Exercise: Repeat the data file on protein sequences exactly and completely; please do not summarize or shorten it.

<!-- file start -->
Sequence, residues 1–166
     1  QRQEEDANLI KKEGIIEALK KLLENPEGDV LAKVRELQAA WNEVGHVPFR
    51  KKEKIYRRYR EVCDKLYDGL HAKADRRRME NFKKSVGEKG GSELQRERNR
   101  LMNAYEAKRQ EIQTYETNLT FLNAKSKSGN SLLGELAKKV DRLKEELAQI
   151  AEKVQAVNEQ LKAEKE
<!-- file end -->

Sequence, residues 1–166
     1  QRQEEDANLI KKEGIIEALK KLLENPEGDV LAKVRELQAA WNEVGHVPFR
    51  KKEKIYRRYR EVCDKLYDGL HAKADRRRME NFKKSVGEKG GSELQRERNR
   101  LMNAYEAKRQ EIQTYETNLT FLNAKSKSGN SLLGELAKKV DRLKEELAQI
   151  AEKVQAVNEQ LKAEKE